What does a cubic metre of wood look like?
A cubic metre of wood is a pile of logs which measures 1 metre by 1 metre by 1 metre. A good way to visualise this is to imagine a one and a half large builders’ sacks of logs.
How much wood will I burn?
If you have a small, efficient stove used in the evenings as a space heater, you may get through 3 to 5 cubic metres in a winter. If you have a large stove which runs for most of the day and is used for central heating, you will probably use over 12 cubic metres. A large draughty stone house will take more wood to heat than a small well insulated one.
What kind of wood is it?
The vast majority of the firewood supplied by Blackbark will be sycamore, birch, ash or oak. We try not to include poplar or alder because they are not top quality firewoods.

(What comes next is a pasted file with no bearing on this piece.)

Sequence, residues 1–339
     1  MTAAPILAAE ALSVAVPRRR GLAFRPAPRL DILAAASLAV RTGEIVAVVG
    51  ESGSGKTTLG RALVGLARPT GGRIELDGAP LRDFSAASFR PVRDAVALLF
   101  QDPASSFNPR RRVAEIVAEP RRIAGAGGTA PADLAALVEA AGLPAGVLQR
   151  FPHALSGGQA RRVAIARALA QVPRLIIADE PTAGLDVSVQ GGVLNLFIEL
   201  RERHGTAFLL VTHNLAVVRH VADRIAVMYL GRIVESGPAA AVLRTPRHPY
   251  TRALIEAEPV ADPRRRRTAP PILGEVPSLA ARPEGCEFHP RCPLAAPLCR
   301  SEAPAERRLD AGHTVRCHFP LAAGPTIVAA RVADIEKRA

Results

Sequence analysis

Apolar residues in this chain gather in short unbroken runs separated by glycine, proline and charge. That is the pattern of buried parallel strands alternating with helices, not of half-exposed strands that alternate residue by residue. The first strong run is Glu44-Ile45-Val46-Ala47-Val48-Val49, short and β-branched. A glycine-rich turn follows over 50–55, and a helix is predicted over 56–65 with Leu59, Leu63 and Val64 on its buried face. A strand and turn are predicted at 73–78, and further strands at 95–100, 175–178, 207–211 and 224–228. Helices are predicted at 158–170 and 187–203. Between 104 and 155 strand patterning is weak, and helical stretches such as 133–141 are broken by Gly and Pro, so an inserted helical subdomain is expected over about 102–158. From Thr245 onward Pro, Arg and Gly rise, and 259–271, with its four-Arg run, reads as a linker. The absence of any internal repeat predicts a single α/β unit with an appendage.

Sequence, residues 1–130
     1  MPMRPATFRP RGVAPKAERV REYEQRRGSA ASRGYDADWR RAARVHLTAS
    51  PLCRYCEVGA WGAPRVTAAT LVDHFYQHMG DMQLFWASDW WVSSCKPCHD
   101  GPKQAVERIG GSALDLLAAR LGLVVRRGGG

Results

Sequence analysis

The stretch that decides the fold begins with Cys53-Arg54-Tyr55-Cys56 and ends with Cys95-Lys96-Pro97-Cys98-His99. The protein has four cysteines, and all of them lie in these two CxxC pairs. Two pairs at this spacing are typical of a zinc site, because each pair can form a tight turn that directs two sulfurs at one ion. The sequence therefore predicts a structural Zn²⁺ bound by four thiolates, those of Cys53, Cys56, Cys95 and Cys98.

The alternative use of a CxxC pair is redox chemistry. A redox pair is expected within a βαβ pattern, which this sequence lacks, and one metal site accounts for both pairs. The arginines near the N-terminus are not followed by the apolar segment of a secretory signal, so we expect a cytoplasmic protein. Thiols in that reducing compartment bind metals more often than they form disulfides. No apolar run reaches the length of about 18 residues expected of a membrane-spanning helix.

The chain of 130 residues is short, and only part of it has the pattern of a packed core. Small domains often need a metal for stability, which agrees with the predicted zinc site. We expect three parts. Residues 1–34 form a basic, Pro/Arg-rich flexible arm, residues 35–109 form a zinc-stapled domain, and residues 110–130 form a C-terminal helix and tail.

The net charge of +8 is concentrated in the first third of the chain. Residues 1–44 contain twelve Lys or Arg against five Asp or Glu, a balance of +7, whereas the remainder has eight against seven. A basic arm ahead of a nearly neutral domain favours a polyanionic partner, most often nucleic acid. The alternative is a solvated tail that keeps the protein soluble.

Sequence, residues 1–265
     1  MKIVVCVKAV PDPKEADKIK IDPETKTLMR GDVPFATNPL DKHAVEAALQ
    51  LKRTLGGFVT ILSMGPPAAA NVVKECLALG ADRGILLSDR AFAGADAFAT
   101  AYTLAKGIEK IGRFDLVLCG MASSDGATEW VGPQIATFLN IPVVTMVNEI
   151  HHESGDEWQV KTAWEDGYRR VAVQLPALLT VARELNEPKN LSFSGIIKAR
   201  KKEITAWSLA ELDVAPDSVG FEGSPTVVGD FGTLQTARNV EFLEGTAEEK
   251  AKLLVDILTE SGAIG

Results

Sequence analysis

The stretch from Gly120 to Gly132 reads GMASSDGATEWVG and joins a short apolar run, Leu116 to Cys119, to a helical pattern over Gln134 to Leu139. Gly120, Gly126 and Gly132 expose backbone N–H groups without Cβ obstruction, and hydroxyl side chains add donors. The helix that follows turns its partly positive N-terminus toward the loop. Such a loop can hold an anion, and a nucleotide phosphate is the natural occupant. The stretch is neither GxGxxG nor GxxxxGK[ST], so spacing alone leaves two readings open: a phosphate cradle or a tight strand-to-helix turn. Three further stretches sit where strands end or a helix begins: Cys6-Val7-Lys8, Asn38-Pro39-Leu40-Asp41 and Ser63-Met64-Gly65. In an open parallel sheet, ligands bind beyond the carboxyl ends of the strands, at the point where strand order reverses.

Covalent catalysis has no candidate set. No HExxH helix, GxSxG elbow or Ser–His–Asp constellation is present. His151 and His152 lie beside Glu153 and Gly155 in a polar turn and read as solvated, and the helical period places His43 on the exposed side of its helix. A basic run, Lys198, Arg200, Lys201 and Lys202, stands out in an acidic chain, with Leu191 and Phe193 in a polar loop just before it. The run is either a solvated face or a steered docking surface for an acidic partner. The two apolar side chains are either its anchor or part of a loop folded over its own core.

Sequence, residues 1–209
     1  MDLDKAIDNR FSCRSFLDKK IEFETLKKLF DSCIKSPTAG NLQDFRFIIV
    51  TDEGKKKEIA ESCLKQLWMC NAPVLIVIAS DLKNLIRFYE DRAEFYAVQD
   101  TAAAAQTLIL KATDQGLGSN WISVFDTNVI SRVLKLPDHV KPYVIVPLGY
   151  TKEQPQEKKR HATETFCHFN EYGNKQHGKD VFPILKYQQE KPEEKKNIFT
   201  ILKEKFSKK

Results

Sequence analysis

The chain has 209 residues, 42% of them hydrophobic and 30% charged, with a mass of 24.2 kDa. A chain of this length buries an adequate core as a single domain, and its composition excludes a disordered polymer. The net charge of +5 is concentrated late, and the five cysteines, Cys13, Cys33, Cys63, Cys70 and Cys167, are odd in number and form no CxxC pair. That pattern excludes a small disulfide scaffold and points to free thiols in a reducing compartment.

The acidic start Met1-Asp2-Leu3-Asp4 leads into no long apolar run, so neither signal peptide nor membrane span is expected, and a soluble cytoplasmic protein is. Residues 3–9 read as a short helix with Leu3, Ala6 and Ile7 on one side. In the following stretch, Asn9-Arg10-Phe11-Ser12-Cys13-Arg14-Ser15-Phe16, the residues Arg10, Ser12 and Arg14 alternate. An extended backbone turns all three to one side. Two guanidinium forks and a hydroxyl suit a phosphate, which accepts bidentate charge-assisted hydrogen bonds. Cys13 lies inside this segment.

Where does it come from?
All firewood comes from woodlands within Calderdale.
How do I burn it efficiently?
- Only burn seasoned wood. Dry logs give more heat energy and are better for your stove. All firewood delivered by Blackbark has been air seasoned for at least one year. Logs should be stored in a dry place where air can circulate. Having a small store of logs inside the house or even next to the stove will help to reduce the moisture content even further.
- Ensure the fire has a good supply of air. If flames are slow and intermittent, or the fire is very smoky and blackens the stove glass, then there is not enough air getting to the wood.
- Supply air from the top. Light the stove with both top and bottom air vents open. Once the fire is going well, close the bottom vent and control air flow with the top vent only.
- Choose an efficient stove. A lot of modern stoves burn wood extremely efficiently and also reduce particulate emissions, allowing the burning of wood within Smoke Control areas. See here for more information and links about burning wood, stoves and the law.